2017-03-14

Exhibition Title: “Wrap yourself around that choking breath of mine”.

Statement about my individual contribution to this collaborative work: “Wrap yourself around that choking breath of mine”

My work within this curated piece focuses on text and objects and the relationship they hold within our exhibition space. The text explores themes of inter-connectivity through language and typography, drawing on elements of objects such as clay, thread and pattern. Through these – often ambiguous – relationships the viewer is invited to explore their own relationship with the space and consider their external inter-connectivity to the things that surround them. The objects and text do not contain specific feelings or intended content, it is the viewer that must form their own connections to the pieces and navigate what relationships might emerge from them.

Ian Hamilton Finlay and Lawrence Weiner are prominent influences. Hamilton’s work considers exterior spaces and language. It also considers the potential for these constructed spaces to invoke philosophical thought. Lawrence Weiner’s presentation of language and the boundaries language can be pushed to in its setting was also considered in the installation. Gesture and typography within his texts were invaluable to the formatting of text within the space as the passages are amplified depending on the form they are presented.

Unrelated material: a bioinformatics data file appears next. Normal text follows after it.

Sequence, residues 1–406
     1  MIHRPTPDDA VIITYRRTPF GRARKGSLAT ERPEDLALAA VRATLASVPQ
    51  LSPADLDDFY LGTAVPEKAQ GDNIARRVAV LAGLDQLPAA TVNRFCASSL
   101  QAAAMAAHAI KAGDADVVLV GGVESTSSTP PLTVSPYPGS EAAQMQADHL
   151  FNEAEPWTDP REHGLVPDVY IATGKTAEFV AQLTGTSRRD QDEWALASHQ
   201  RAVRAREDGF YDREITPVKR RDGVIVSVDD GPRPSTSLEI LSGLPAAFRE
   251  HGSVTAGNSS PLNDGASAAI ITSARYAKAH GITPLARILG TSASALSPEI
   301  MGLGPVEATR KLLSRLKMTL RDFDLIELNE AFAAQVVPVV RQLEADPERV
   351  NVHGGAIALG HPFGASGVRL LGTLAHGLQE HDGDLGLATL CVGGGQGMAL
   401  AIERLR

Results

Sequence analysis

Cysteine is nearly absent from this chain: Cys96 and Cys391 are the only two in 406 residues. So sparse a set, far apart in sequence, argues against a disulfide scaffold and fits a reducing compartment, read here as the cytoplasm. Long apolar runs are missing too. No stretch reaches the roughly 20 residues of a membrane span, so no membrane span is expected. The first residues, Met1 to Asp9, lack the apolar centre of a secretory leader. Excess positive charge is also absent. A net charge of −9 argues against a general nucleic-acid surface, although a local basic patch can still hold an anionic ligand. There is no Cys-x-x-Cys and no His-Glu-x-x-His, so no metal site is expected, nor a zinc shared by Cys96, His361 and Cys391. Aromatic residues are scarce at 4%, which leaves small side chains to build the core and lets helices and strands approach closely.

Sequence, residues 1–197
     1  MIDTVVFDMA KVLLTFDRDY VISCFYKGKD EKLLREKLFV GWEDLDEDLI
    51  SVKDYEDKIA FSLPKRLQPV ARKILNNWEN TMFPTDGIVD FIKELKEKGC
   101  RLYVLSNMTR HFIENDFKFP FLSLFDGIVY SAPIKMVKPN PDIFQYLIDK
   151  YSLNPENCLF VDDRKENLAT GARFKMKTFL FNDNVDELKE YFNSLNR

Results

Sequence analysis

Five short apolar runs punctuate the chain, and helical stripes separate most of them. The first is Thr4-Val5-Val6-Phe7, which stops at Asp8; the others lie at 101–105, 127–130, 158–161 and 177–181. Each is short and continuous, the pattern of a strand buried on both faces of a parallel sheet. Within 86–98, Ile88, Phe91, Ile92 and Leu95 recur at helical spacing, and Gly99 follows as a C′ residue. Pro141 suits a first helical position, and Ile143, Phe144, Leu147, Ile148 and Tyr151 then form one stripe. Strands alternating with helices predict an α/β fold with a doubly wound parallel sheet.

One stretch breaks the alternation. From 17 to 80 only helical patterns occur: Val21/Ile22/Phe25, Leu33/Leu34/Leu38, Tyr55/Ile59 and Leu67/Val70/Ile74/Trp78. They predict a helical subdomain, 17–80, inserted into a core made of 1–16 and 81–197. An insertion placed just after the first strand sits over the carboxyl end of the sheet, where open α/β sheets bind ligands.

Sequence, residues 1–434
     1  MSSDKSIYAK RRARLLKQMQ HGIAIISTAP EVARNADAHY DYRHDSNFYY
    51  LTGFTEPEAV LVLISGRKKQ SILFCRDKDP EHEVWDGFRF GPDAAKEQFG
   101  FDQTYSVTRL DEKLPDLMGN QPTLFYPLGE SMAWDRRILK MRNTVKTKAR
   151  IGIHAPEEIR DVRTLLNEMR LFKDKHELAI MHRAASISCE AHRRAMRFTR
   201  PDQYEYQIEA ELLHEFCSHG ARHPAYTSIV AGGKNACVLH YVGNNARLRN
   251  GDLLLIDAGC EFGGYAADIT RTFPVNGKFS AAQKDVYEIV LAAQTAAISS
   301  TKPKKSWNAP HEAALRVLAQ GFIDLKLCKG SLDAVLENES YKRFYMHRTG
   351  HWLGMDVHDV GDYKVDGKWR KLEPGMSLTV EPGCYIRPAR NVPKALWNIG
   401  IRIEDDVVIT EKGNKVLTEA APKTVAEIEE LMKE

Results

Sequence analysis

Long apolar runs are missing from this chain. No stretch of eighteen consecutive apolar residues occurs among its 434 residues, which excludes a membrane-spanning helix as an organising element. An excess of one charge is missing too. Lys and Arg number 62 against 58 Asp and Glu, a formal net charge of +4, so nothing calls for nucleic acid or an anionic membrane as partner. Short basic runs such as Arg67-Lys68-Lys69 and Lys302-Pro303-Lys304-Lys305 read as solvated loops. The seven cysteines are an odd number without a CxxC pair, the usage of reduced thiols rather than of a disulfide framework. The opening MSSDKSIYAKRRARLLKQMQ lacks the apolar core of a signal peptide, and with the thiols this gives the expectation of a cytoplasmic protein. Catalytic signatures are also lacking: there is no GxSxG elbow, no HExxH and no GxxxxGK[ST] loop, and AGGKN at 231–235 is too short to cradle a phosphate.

Ultimately, the curation of this exhibition intends to explore space in its many guises, through text and object. How traditional relationships change when these conventions are manipulated and reformed is a major part of my research interest.

Statement about the collaborative process for “Wrap yourself around that choking breath of mine”

After working successfully in a collaborative group last term, we decided to continue working together to critically improve both as a group and in our individual practices. Initially we wanted to explore more personal processes so we worked on our solitary practices within a collective space – reacting to and creating work based upon each others pieces.